Events of recent days have reminded us that tragedy or disaster can completely upend the national and even global conversation at any time. As the 2020 campaign for president unfolds, there are going to be moments, quite a few I suspect, when unexpected heartbreaks supplant the petty political squabbles of the moment.
This, more than anything, is why I hope Joe Biden runs for president.
Maybe it will be a flight full of 157 passengers that inexplicably falls out of the sky. Maybe it will be yet another mass shooting at a place of worship. Or it could be a natural disaster destroying dozens of homes and small businesses. During these painful times, we often look to our political leaders to help us make sense of the senseless. It is in these moments that the true power of words, to help us grieve, heal and move forward, can be felt. No one is more equipped to rise to these moments than Biden. And nowhere is the contrast between Biden and the current occupant of the Oval Office more evident.
Read more commentary:
I found myself this week thinking about something President Donald Trump tweeted a year ago: “Crazy Joe Biden is trying to act like a tough guy. Actually, he is weak, both mentally and physically. … He doesn’t know me, but he would go down fast and hard, crying all the way."
Trump’s use of the words “weak” and “crying” reveal why, time and again, he has failed so spectacularly at playing the role of “consoler in chief.” After the extremist confrontation in Charlottesville, Virginia, it was the now infamous “both sides” remark. In Puerto Rico, it was literally throwing paper towels at the victims of hurricanes. After the school shooting in Parkland, Florida, it was the speech note card with the visible prompt “I hear you.” Just the other day, Trump refused to acknowledge the growing threat of white nationalists, despite a manifesto written by the New Zealand shooter hailing Trump as a symbol of “renewed white identity and common purpose.”
Biden doesn't have to fake it
Contrast that to what we’ve seen from Biden over the years. He doesn’t have to act presidential. He doesn’t have to pretend to show empathy. He doesn’t need a note card prompting him to care.
This, of course, presents the greatest threat and contrast to Trump. In Biden, he sees someone who has something that he fundamentally lacks, character. Trump sees this deficiency in himself, and his default instincts instruct him to mock it. The result is a president who repeatedly fails to live up to the moment when an unexpected crisis occurs. Certainly, no one can question how Joe Biden would react to moments of crisis and grief as president.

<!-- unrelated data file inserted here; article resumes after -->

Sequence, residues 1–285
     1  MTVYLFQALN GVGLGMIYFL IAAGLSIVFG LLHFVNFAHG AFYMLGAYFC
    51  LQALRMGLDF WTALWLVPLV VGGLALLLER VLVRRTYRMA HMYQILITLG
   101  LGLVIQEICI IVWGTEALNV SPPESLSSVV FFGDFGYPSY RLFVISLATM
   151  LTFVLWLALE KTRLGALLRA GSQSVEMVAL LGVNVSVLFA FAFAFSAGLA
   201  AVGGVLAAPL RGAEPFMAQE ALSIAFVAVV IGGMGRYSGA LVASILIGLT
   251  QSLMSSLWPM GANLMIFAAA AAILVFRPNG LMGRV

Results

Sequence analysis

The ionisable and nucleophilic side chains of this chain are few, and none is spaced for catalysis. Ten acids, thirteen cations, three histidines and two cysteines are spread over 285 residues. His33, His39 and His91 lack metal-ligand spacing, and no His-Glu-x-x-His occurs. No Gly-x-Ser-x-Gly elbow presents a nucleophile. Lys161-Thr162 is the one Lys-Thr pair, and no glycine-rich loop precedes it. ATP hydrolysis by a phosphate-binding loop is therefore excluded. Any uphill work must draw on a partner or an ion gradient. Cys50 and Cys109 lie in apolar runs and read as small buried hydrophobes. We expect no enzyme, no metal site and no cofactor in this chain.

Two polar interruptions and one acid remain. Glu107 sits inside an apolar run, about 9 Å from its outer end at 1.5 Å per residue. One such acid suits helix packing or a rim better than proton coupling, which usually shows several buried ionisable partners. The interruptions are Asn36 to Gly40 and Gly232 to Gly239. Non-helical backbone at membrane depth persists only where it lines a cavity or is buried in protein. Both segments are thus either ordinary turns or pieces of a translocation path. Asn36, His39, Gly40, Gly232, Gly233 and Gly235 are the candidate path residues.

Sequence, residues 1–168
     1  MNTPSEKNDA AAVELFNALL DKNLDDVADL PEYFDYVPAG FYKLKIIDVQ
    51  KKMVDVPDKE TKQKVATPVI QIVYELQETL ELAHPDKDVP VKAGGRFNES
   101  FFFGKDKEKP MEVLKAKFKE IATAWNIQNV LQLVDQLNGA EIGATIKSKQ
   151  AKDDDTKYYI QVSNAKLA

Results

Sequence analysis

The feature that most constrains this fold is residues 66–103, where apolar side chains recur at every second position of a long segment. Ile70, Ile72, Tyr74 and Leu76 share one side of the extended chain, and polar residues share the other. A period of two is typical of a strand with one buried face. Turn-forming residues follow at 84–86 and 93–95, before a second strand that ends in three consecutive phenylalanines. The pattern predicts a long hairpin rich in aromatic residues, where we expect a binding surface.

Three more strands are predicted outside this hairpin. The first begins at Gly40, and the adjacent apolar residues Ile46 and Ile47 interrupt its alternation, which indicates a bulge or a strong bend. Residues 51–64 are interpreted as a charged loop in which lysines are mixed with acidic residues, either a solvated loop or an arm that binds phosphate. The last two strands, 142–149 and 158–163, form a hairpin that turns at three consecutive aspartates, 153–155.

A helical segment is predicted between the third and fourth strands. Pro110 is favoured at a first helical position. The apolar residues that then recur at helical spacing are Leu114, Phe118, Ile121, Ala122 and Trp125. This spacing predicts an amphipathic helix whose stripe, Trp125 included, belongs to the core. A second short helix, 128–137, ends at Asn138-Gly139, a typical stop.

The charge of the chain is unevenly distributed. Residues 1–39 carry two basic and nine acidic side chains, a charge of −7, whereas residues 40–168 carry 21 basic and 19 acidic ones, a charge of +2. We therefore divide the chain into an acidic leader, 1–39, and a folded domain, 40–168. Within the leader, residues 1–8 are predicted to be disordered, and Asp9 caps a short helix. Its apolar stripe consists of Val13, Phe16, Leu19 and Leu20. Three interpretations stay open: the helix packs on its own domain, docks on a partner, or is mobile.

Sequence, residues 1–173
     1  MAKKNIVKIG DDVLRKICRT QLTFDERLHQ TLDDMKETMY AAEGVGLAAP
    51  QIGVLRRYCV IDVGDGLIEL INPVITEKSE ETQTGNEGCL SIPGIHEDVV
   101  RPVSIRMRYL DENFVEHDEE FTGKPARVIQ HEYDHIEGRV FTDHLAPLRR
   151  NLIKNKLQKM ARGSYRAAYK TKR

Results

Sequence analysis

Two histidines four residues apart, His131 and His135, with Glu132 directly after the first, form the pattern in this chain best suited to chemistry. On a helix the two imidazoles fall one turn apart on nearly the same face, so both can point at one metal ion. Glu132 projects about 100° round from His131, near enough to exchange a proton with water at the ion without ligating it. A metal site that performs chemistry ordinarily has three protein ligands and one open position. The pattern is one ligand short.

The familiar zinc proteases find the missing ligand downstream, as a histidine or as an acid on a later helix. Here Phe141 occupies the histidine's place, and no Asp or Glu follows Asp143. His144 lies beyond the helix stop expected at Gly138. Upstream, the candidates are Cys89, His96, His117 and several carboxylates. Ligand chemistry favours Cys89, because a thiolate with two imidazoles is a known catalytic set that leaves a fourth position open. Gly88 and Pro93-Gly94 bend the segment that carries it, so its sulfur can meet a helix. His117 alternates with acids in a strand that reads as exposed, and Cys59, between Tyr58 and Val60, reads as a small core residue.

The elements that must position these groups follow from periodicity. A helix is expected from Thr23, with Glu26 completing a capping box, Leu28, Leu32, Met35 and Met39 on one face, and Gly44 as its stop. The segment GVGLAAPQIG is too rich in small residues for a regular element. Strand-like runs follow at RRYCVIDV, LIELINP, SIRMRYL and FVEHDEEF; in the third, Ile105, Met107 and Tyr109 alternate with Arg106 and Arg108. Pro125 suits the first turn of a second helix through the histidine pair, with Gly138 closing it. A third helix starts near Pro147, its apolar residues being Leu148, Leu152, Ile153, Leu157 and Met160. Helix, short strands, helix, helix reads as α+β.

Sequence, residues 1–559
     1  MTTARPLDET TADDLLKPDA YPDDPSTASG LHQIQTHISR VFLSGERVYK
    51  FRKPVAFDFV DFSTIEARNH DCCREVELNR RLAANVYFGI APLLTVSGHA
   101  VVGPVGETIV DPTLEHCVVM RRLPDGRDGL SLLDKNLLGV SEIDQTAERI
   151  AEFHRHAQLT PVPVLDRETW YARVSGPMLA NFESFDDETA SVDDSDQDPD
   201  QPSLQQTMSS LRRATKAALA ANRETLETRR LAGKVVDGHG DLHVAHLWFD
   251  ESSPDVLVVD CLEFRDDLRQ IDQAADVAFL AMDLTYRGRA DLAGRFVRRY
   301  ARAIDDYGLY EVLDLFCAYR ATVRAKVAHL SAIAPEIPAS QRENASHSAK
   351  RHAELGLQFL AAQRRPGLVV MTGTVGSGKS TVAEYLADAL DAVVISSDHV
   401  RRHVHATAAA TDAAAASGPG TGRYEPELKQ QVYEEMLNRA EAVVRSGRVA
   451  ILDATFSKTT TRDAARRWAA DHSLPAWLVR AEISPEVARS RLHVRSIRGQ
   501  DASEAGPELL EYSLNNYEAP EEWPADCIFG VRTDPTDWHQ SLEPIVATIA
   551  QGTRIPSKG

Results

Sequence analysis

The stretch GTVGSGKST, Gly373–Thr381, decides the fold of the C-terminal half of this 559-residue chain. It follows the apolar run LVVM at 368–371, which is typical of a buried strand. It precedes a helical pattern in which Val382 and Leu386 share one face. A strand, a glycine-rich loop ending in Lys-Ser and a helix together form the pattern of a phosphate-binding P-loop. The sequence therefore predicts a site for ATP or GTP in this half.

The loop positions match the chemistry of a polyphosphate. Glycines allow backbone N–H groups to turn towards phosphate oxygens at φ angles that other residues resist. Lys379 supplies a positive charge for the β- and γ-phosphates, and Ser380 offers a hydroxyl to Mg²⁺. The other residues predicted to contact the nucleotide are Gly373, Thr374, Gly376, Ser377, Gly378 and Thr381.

Delivering a beautiful eulogy of his friend Sen. John McCain, Biden was moved to tears as he reflected on the extraordinary life of his “brother.” Trump on the other hand, has spent the past few days attacking the late Vietnam War veteran, seven months after he died. Who could forget President Barack Obama awarding his vice president with the Presidential Medal of Freedom and how Biden was overcome by emotions of gratitude and humility?
Perhaps more than any figure in recent political history, Biden’s life in public service has been book-ended by unthinkable tragedies. Weeks after he first won his Senate seat in 1972, Biden’s wife, Neilia, and 13-month-old daughter, Naomi, were killed in a car accident. His two sons, Hunter and Beau, were badly injured. Biden was sworn in to the Senate not on the Senate floor with his other colleagues, but next to his sons' hospital beds in Wilmington, Delaware. Four decades later, Biden’s resolve and faith would once again be tested as Beau lost his battle with brain cancer and died at 46.
This is the person the president of the United States likes to mock on Twitter. Is it any wonder why Trump routinely fails the empathy test during moments of crisis? At a time when Trump continues to go lower and lower, Biden brings to the national stage the strength, decency and sense of duty that are sorely needed in our political discourse.
Kurt Bardella, a member of USA TODAY’s Board of Contributors, left the Republican Party in 2017 and became a Democrat. Follow him on Twitter: @kurtbardella
You can read diverse opinions from our Board of Contributors and other writers on the Opinion front page, on Twitter @usatodayopinion and in our daily Opinion newsletter. To respond to a column, submit a comment to firstname.lastname@example.org.
This article originally appeared on USA TODAY: I hope Joe Biden runs for president. After Donald Trump, we need a compassionate leader.